1. Once I exported a 16-bit TIF image from RAW Power, I got a 69.4 Mb TIF. The same DNG raw negative developed/exported with Camera+ 2 to 16-bit TIF takes 40.6 Mb. Both the output TIFF images are indicated as 16-bit ones, and have LZW compression. Why this occurs? In which case I got true 16-bit image?
2. I tried to contact with Affinity Photo support on the subject of 16-bit floating point TIFs. No reply during all these days, despite I am a registered user there. It seems that Affinity Photo needs a replacement when working on iOS. All that I like to do is to move my usual photo workflow to iOS (but without Adobe products due to their unacceptable subscruption policy). Could you explain me which graphics editor for iOS accepts 16-bit floating point TIFs exported from RAW Power, please? We all know all the iOS software, so it seems I am asking about Pixelmator for iOS. Because no other graphic editor were ported to iOS for yet, except Photoshop, Affinity, and Pixelmator. How to do post-development of 16-bit floating point TIF images exported from RAW Power?
3. Another. Can RAW Power be a replacement of a graphics editor for iOS? I conclude that not for yet. Just because there such necesary tools as inpainting/healing brush, masking engine, layer engine, and many others are absent in RAW Power. Adding all the tools to RAW Power would be highly difficult, if at all reasonable: I consider RAW Power as a replacement of Lightroom/DxO/CaptureOne on iOS, not as a fully functional graphics editor. But adding a pro-grade camera shooting RAW looks to be very promising. As well as film presets in the deveopment module.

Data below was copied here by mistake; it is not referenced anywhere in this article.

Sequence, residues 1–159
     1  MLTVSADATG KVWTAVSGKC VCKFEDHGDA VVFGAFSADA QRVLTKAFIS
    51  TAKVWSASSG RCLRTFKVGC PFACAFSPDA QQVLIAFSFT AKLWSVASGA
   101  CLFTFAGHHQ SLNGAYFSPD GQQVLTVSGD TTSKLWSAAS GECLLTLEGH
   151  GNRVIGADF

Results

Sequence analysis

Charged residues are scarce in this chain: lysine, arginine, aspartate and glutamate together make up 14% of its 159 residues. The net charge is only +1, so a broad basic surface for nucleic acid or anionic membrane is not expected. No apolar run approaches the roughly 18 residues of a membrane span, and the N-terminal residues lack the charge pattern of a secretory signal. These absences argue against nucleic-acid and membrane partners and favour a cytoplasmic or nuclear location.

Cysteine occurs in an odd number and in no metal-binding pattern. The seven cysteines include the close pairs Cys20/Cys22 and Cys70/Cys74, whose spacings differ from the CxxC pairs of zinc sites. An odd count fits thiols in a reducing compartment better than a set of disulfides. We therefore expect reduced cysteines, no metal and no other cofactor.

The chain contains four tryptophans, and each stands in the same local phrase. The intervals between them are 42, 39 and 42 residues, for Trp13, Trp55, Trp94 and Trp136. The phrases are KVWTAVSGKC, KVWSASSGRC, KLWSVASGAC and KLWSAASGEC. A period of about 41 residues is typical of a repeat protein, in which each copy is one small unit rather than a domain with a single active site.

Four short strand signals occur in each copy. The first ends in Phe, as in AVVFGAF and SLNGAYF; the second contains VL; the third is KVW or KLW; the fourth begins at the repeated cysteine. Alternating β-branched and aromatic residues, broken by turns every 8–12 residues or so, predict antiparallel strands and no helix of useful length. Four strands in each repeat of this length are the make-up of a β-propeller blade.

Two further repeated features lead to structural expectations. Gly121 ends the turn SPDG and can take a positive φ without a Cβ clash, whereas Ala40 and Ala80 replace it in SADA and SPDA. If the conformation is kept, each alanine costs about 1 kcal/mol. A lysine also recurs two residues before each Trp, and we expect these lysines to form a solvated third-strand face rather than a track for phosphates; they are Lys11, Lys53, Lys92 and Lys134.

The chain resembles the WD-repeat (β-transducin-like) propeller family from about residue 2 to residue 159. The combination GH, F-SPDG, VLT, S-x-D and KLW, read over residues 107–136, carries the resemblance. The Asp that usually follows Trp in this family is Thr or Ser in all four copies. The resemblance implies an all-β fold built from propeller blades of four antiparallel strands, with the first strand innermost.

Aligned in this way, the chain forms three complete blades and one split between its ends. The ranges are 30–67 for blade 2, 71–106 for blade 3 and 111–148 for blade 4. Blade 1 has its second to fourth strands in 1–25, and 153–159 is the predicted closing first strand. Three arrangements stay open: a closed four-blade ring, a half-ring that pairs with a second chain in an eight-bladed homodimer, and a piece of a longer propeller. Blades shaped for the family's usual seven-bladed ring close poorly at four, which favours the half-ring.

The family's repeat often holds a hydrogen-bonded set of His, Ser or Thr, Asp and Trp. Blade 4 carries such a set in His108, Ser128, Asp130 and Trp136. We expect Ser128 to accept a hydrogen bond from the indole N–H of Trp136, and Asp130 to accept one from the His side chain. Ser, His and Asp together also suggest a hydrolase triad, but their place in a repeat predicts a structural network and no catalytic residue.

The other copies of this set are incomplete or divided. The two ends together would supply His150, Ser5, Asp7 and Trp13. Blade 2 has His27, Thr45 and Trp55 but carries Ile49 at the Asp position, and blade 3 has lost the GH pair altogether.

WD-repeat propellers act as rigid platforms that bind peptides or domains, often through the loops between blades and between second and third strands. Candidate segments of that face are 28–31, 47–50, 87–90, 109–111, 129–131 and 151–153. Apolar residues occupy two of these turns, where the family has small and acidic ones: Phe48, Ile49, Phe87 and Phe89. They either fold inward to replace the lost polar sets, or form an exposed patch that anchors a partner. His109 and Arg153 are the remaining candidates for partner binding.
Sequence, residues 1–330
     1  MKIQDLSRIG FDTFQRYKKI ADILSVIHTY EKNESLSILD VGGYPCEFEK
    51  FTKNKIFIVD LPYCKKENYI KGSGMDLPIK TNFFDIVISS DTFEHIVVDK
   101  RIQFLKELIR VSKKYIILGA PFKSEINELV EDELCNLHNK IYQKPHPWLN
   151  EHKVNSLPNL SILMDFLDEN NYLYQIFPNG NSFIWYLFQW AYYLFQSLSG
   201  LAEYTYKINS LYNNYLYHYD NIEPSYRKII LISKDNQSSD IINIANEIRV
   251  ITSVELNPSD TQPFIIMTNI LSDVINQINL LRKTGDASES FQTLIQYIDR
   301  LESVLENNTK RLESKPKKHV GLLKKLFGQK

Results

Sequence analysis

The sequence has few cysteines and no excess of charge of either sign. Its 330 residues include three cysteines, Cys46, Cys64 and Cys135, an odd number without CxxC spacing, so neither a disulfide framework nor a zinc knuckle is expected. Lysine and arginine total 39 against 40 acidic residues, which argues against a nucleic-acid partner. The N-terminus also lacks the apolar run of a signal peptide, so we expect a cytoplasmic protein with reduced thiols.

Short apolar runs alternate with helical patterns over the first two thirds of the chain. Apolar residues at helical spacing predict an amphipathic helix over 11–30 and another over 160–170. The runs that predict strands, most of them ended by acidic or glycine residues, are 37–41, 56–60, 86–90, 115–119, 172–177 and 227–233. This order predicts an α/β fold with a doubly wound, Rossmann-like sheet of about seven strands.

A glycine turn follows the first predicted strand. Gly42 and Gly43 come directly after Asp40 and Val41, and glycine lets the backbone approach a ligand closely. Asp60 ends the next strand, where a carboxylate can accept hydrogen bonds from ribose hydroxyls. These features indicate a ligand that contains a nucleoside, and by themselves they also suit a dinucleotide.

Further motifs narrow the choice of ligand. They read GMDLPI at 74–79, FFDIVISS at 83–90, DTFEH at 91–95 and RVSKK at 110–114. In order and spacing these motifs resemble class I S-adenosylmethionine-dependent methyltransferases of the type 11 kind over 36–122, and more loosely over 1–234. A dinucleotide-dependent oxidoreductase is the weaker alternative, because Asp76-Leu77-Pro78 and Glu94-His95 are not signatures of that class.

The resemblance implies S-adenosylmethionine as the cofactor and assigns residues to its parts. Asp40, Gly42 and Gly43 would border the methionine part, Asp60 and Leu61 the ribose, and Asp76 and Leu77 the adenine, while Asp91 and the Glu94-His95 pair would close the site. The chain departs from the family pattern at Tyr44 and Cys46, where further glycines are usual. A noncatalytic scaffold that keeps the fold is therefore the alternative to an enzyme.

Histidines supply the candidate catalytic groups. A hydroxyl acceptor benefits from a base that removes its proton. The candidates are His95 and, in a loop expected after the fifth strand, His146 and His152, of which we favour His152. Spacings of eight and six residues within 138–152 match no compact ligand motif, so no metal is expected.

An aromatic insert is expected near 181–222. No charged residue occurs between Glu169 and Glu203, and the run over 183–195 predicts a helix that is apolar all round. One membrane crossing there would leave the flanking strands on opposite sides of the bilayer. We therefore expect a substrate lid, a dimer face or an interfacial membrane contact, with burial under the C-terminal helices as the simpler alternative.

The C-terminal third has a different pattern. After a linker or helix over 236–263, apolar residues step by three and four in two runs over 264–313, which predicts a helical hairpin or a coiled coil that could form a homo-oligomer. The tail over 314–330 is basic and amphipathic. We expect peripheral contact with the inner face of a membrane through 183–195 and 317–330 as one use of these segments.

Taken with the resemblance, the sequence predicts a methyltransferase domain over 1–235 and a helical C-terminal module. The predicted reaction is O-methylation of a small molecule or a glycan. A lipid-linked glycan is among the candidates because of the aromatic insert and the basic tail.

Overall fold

1. I’m not sure why the file sizes would be so different. I do not know how Camera+ does its decode or its export, so it’s hard for me to know for sure. However, it is true that RAW Power TIFF images on iOS are floating point, so they may not compress as well as integer ones. I am working with Apple on a way to create 16-bit integer tiffs using their libraries.
RAW Power generates 16-bit integer PNGs so that is an alternative — they are also losslessly compressed.
2. Pixelmator is able to open 16-bit floating point TIFFs from RAW Power — I just tried it.
3. RAW Power does not have all the features that you listed (like healing or brushing), so it cannot fully replace applications for customers that need those features. It is possible to add many of those features to RAW Power and most of them are on my list for the future. However, there are a lot of features on the list, so I cannot make any promised about when those might appear.